Since axolotls are critically endangered in the wild, it takes a special permit to import/export them in and out of Canada. Obviously, it’s also illegal to catch them in the wild (assuming there are any left!) But luckily for the survival of the species, there are no laws against breeding them in captivity. Selling, buying and owning axolotls is also legal through most of Canada — the notable exceptions are British Columbia and Prince-Edward-Island, due to BC’s erroneous classification of axolotls as wildlife, and PEI’s blanket prohibition of all amphibians (and erroneous perception of axolotls as tiger salamanders, which are a different genus!) If you live in those areas, I urge you to get involved in local politics! ; )
Aside from this, you should check your city’s regulations before purchasing an axolotl. Some cities have weird pet regulations. Luckily, here in Montréal, all non-poisonous amphibians are allowed. Strangely enough, we need a permit to keep a cat or a dog!
Axolotls are not a social species, so they don’t need a friend to be entertained. That being said, it is perfectly ok to house axolotls together, as long as they are roughly the same size. If one axolotl easily fits into the other’s mouth, chances are it will end up as a snack. Usually, axolotls grow out of their cannibalistic phase once all four limbs are formed, but some unfortunately retain those instincts. If space is very limited, you might see some snapping behavior at feeding time, which can lead to injuries. In addition, if your axolotls are not adequately fed, they may eat each other’s limbs for extra nutrition. Those limbs will grow back, but do your best to limit altercations by feeding them a nutritious diet and keeping them in proper housing conditions.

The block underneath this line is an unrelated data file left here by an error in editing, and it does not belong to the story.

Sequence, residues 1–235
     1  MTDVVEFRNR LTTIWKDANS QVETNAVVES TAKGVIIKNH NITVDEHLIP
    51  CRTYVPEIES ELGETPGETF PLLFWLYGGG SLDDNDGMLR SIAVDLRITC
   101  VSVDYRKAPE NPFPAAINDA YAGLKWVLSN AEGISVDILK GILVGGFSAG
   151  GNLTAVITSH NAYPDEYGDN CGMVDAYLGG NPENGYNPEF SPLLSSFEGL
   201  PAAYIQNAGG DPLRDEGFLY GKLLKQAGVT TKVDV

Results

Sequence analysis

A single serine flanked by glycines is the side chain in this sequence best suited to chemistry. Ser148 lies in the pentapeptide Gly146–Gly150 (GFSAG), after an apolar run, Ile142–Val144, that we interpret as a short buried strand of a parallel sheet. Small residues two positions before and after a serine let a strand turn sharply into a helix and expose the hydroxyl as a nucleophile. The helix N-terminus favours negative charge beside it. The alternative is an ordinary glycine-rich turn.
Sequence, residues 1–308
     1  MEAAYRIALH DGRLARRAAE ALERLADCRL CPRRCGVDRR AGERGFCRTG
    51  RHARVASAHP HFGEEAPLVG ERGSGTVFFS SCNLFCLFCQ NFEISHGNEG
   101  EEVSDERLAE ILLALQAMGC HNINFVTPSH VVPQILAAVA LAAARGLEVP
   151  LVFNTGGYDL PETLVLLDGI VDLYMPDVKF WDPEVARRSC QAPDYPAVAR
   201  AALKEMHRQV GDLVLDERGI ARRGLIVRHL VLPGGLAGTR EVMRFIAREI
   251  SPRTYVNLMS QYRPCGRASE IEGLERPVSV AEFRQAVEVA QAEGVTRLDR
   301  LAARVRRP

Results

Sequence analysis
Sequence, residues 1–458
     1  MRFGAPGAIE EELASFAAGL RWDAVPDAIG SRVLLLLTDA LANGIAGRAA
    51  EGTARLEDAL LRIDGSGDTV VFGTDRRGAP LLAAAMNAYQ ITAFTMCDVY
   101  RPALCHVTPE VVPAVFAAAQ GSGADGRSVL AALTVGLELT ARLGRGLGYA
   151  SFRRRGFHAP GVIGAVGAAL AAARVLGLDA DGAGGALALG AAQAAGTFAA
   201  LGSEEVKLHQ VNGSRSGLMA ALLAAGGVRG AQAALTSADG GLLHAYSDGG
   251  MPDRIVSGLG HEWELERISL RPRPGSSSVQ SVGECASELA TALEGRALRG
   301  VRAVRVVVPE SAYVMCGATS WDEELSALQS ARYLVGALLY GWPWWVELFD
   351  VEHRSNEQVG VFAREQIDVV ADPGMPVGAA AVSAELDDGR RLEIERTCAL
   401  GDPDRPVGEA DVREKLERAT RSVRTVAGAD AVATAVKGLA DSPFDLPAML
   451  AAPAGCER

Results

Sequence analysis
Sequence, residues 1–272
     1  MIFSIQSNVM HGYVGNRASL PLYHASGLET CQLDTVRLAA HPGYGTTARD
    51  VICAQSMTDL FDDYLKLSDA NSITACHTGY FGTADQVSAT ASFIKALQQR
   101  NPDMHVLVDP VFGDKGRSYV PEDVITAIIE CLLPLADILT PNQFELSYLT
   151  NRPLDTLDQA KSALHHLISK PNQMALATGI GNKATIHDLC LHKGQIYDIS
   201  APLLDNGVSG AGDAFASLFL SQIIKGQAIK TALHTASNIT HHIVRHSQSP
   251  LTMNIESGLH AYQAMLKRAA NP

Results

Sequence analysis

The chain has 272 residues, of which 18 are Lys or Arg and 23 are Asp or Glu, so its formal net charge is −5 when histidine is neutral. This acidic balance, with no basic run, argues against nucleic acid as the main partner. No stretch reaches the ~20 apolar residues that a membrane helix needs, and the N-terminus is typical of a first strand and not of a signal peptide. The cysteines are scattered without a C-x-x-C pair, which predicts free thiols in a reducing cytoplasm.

Keep in mind that if you house a male and a female together, they will most likely end up breeding. The young larvae are not that easy to care for, so make sure you know what you’re getting into before you choose to attempt it!
Axolotls are very easy to care for if you have the right setup. Given proper housing conditions, all you need to do to keep your axolotl happy is to feed it and keep its water clean.
An adult axolotl only needs to eat one live earthworm every other day (the kind used as fishing bait all over the country). The axolotls I sell are also trained to accept pellets. Those are a convenient backup, but I still recommend feeding earthworms if you can, as they don’t get the water dirty the way pellets tend to.
Whatever you choose to feed your axolotl, within a day or so it will all come back out as one big solid poop, which is easily picked up using a turkey baster. I do recommend picking up the poop as soon as you spot it, since axolotls are silly creatures who will put anything in their mouth. If they eat their own poop by mistake, they will do a spit take and scatter bits of poop everywhere!
Whether your axolotl makes poop rain or not, you will need to do weekly water changes. Use a siphon to remove 1/3 to 1/2 of the water, and refill with dechlorinated water (or water from the tap, with some conditioner added).
That’s it! As far as pets go, they are not very demanding at all, but you do need to be consistent about these three things.
Do you want a pet that is very active?
Axolotls are sit-and-wait hunters. They don’t typically spend a lot of time swimming around. Mostly, they’ll walk around the tank, climb the decor, or use it as a flotation device. Their goofy poses can be entertaining, but if you want an aquatic pet that moves around a lot, it’s best to stick to fish. On the bright side, their tendency to stay still or move slowly makes them ideal photography subjects!
Are you able to keep their water cold?
Axolotls do best at temperatures between 15 and 18°C. They can tolerate a range of 4 to 23°C, but at 24°C and above, they could get sick or even die. If your house gets very warm in the summer, it may be necessary to cool the water with air conditioning, fans or an aquarium chiller.
Can you make a 10 year commitment?
Given proper housing conditions and care, axolotls can be expected to live 10 to 12 years in captivity. If you are buying an axolotl as a pet for your child, please make sure you are prepared to care for it as well!